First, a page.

The keys to meeting Africa’s growing urban energy needs

(Corrie Wingate Photography/SolarAid)

The energy challenges faced by Africa’s cities are enormous.

Kinshasa, the capital city of the Democratic Republic of the Congo, provides electricity to only about a third of residents. In Dar es Salaam, Tanzania, and Matola, Mozambique, power lines fail to reach roughly half the population. Even more developed cities, such as Accra, Lagos and Johannesburg, have sizeable slums that lack this essential service taken for granted elsewhere.

That’s the reality check in a recent report from the European Union Energy Initiative Partnership Dialogue Facility.

But the report — “Future Energy Scenarios for African Cities” — sees opportunities amid the seemingly insurmountable obstacles. The report offers a roadmap for municipalities to promote sustainable energy options that can scale-up as populations rise.

Overall, the urban electrification rate across the African continent is 68 percent; in the sub-Saharan region, the rate drops to 59 percent. Yet energy demand is poised to skyrocket. Mass migration into cities of sub-Saharan Africa is projected to add another 800 million urban residents by 2050, the report says.

Governance and financing

Among the main takeaways is that collaborative governance is the most effective strategy to increase energy output. “The key enabler for change,” the report says, “is the cooperation between municipalities and the national government.”

The approach is important for two reasons. Centralized national governments often fail to prioritize the needs of local communities. Yet without national support, municipalities may be unable to update some regulations on their own.

City leaders also are urged to become savvy about financing options that can include municipal energy funds and bonds. Other mechanisms include the Green Climate Fund, a global initiative that aims to help developing countries wean themselves from fossil fuels.

[See: As the Green Climate Fund meets, will it ensure climate finance reaches the local level?]

The authors also recommend:

  • Inclusive planning: The needs of informal settlements that lack basic services must be part of any energy solution. Partnerships with civic and business leaders from these communities would ensure that slum dwellers have a voice in the process.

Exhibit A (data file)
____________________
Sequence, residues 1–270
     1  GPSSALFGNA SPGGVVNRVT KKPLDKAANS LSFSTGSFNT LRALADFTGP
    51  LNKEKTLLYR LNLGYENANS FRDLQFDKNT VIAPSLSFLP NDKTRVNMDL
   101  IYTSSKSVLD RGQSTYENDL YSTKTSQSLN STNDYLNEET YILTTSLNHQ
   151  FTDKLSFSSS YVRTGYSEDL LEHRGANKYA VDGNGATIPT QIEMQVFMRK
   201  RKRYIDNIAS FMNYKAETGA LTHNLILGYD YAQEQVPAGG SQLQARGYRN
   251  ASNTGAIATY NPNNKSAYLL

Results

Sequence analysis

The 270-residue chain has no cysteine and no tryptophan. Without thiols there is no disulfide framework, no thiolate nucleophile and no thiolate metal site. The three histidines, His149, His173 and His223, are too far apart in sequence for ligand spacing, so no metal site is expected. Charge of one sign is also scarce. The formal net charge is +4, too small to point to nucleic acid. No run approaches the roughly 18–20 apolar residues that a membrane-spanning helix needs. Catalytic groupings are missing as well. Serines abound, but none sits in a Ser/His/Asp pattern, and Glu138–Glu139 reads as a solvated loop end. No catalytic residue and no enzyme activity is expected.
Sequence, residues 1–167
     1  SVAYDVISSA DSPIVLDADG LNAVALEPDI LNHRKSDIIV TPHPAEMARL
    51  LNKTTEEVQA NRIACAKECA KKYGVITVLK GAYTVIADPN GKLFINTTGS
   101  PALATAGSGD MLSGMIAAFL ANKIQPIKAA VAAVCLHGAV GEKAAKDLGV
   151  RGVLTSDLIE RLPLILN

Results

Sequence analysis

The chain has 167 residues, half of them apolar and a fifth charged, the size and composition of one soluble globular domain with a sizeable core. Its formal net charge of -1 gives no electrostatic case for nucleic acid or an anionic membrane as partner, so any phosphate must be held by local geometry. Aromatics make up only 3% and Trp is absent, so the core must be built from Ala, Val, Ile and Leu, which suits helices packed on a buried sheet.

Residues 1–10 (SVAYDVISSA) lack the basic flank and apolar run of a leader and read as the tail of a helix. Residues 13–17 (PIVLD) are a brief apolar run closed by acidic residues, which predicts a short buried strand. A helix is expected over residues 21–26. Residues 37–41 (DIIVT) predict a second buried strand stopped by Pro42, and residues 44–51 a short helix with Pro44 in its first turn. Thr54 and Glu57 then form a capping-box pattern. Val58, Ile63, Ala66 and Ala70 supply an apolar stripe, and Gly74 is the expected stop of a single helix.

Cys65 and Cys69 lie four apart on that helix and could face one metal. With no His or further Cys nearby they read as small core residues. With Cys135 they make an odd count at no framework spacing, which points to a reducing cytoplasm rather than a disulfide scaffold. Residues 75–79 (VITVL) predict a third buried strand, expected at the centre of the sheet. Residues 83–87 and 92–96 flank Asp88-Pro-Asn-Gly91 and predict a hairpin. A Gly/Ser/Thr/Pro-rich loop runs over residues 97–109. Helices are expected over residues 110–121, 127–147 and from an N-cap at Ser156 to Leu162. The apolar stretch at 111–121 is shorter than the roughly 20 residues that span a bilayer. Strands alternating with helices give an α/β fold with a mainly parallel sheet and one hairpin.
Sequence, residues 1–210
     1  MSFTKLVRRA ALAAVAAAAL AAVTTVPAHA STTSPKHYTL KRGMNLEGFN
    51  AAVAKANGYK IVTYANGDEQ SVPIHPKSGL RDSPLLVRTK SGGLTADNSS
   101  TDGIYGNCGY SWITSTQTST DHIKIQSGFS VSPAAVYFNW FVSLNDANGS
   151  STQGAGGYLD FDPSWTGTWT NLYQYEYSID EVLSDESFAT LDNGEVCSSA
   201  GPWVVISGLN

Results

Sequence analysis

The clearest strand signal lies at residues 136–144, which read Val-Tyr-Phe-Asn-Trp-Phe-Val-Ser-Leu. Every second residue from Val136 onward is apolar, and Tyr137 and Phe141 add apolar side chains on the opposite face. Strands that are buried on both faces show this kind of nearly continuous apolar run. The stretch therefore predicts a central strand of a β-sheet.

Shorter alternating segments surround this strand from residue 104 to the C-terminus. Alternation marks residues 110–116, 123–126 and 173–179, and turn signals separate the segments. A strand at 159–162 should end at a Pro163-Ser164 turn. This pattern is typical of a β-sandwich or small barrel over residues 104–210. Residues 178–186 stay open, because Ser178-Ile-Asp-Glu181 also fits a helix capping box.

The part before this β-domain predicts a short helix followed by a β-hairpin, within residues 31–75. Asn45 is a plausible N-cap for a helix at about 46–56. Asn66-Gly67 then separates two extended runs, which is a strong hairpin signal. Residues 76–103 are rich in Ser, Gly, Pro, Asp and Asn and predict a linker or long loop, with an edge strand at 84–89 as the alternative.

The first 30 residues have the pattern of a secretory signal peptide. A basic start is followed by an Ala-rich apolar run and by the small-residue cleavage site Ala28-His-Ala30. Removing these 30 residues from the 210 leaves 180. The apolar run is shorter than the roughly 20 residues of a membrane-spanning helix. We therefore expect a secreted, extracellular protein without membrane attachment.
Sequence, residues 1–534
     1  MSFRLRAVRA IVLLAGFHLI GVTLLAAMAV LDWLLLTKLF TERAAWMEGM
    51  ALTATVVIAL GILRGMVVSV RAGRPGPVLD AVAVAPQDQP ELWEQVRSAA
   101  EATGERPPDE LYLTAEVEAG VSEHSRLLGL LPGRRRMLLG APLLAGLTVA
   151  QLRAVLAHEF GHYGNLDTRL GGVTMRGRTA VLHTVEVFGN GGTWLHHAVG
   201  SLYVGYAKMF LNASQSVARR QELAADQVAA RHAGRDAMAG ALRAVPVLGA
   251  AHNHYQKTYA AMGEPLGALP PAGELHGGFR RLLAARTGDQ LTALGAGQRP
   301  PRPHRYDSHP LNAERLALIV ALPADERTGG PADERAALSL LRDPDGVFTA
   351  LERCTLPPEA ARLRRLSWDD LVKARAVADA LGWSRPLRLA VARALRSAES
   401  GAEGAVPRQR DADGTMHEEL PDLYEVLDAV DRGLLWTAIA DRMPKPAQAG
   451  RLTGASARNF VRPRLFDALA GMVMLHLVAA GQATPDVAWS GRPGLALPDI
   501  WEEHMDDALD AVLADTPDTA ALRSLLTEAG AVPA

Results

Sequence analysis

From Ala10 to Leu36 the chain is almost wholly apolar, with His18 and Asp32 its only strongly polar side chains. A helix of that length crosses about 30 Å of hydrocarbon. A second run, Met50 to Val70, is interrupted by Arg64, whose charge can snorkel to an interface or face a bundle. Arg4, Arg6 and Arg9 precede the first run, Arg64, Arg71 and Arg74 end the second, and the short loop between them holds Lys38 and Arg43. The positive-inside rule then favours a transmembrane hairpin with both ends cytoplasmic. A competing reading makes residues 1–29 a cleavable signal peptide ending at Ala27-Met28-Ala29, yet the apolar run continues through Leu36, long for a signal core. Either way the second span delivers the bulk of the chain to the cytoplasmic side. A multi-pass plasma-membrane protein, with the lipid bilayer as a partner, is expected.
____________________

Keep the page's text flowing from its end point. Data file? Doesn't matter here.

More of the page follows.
• Robust energy markets: Allowing cities and sub-national governments to generate and distribute energy makes it easier for municipalities to scale-up service. The approach means more opportunities for entrepreneurs and community groups to enter the market.
  • Holistic visions: Planning that integrates the energy, water, housing, climate and transport sectors ensures that new policies are comprehensive and seamless.
  • Broader goals: Aligning energy needs with development targets is important because energy infrastructure enables new urban projects.

Population growth is not the only variable placing a strain on Africa’s energy network. Climate change and economic expansion also are factors, the report says.

As urbanites ascend the economic ladder, they will acquire homes, cars and appliances that will stretch already limited energy resources.

Meanwhile, climate change is expected to take a greater toll on sub-Saharan Africa in the form of floods, drought and searing heatwaves. Higher temperatures will intensify the “heat island effect” that leaves urban environments warmer than rural districts.

[See: Need quick buy-in on climate action? Think urban heat islands]

“Water and food production are likely to become more energy intensive as agricultural areas become more arid,” the report warns. All of these patterns could boost energy usage and disrupt supply chains.

Four scenarios

The authors detail four possible outcomes for African cities. Two are nimble and flexible enough to accommodate innovations, while the others would perpetuate flawed regulatory models:

  • Centralized control: Weak national governments with limited skills, finances and vision may “lock-in” policies that do not meet local needs or address long-term energy and climate objectives.
  • Tepid enforcement: Local governments make commitments to ambitious climate goals but fail on the follow-through, in part because of implementation challenges in fast-growing informal areas. 
  • Growth-driven action: Strong local governance that tailors development and energy needs to match population growth creates opportunities to introduce and expand renewable fuels.
  • Technology focus: Cities that nurture and incentivize innovation can attract investment in new technologies that cost less in the long run and improve the environment.

The EU Energy Initiative is blunt about the roadblocks ahead. Writing in the report’s foreward, Torbjörn Pettersson, department director at the Swedish International Development Cooperation Agency (Sida) notes that the situation is dire now. African cities already function at “less than 30 percent of the capacity needed to service their citizens,” he writes.

In other words, without drastic action, the continent’s energy deficiencies could become much worse. By 2040, energy consumption in sub-Saharan Africa could be more than 70 percent higher than in 2012, the authors state, citing statistics from the International Energy Agency.

The European Union Energy Initiative Partnership Dialogue Facility was founded in 2004 by the European Commission and several European Union states. Its mission is to assist with energy-related implementation of the Sustainable Development Goals, a global framework that aims to combat hunger and poverty and includes a goal specifically related to building cities that are “inclusive, safe, resilient and sustainable”.

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David Hatch is a correspondent for Citiscope.  Full bio

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